Collin Morikawa squandered a five-shot lead and the chance to become world number one as Viktor Hovland emerged victorious from an extraordinary final round of the Hero World Challenge.
Hovland began the day six shots off the pace but carded a closing 66, which included back-to-back eagles on the 14th and 15th, at Albany to secure his third title of the season.
The 24-year-old Norwegian, who successfully defended his Mayakoba Classic title on his last start, bogeyed the last two holes to finish 18 under par, a shot ahead of American Scottie Scheffler.
Scheffler had looked out of contention when he ran up a triple-bogey seven on the fourth, but birdied the sixth and ninth and picked up six more shots in a seven-hole stretch from the 11th to briefly share the lead.
Hovland had made a hat-trick of birdies from the sixth and also birdied the 11th before dropping his first shot of the day on the next, but then holed a bunker shot on the short par-four 14th and followed it with another eagle on the par-five 15th to take command of the tournament.
A birdie on the 16th took the Ryder Cup star three shots clear and allowed him the luxury of two closing bogeys, with tournament officials also clearing him of a potential rules violation as he removed a loose impediment on the 17th green.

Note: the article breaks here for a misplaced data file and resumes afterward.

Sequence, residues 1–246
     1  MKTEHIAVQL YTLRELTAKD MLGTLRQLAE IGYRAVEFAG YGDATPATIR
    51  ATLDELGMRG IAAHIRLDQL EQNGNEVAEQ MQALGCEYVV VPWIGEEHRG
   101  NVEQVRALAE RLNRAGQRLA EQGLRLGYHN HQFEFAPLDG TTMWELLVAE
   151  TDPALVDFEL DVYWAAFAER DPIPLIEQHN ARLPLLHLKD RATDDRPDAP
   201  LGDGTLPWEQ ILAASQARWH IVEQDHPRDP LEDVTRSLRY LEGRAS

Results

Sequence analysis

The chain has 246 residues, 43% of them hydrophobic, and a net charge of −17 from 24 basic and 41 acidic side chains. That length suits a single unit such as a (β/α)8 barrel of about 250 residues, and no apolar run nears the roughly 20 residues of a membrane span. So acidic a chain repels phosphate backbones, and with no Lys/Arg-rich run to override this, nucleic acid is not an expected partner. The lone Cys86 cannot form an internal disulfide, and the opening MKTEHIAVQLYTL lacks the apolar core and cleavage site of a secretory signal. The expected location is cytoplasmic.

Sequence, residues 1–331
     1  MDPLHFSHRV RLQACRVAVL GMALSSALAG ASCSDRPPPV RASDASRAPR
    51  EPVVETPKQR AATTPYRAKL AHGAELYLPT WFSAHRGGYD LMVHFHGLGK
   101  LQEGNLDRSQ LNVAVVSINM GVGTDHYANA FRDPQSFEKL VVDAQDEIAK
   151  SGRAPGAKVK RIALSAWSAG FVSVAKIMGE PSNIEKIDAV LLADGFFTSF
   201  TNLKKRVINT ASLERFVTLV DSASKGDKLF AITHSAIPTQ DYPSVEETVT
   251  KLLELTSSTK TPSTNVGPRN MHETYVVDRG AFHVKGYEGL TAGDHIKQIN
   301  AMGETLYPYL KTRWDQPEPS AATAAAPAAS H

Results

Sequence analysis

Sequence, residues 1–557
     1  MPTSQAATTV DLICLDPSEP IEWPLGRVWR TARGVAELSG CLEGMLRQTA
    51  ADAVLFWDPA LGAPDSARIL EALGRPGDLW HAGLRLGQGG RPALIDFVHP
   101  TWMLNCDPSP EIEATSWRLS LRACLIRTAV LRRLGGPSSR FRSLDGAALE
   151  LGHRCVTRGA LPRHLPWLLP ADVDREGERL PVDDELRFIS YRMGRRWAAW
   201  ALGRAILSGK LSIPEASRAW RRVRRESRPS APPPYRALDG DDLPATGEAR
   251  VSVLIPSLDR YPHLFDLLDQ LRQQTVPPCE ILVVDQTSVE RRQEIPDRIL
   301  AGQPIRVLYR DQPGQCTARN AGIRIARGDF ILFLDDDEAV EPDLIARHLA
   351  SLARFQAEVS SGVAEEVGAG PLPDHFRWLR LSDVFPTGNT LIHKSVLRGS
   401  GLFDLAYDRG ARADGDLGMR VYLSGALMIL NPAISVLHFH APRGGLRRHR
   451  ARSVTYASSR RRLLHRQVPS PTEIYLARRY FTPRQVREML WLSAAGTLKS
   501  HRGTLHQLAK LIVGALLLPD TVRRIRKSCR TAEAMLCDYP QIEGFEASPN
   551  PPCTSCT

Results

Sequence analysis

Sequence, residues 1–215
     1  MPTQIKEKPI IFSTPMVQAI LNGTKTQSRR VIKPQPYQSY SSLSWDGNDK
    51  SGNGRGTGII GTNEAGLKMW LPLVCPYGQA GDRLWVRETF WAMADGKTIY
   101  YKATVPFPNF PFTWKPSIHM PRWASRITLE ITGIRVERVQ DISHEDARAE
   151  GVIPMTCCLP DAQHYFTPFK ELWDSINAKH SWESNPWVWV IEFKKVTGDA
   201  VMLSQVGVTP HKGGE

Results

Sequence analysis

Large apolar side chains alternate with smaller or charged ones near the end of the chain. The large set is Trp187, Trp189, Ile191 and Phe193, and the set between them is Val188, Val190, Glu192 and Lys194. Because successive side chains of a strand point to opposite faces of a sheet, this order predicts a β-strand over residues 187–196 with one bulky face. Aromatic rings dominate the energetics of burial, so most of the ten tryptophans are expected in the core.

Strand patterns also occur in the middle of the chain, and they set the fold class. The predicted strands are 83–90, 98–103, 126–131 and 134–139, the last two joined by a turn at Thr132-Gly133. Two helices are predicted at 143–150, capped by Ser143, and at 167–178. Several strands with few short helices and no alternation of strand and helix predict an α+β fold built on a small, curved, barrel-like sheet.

“I didn’t think a win was going to be very possible but I know this golf course is tricky,” Hovland told Golf Channel.
“You can make a lot of birdies and make up a lot of ground but it’s very easy to make bogeys and doubles and I knew if I put a good score up there you never know what’s going to happen.”
Tournament host Tiger Woods was on hand to watch the closing stages and Hovland added: “It’s really cool being Tiger’s event, that’s incredible to be a part of and especially to win it. I haven’t really done all that well in these limited-field events so that’s going to change.”
Morikawa, who would have replaced Jon Rahm at the top of the world rankings with a win, double bogeyed the fourth and sixth after losing a ball in dense bushes on each hole, although the Open champion could at least blame having mud on his ball on the second occasion.
The 24-year-old, whose victory in the season-ending DP World Tour Championship ensured he became the first American to win the European Tour’s money list title, also duffed a chip on the ninth in a front nine of 41 and eventually signed for a closing 76 to finish in a tie for fifth.
Sam Burns, who was in a share of the lead before needing four attempts to chip up a steep slope on to the 14th green, shared third place with former Masters champion Patrick Reed on 15 under.
To add to the sense of chaos, playing partners Jordan Spieth and Henrik Stenson had earlier been handed two-shot penalties for playing from the wrong tee on the par-five ninth.
That led to a triple-bogey eight for Spieth and a seven for Stenson, with Spieth also carding a triple bogey, a double bogey and four birdies on the back nine in a closing 76 to finish last in the 20-man field, five shots behind Stenson.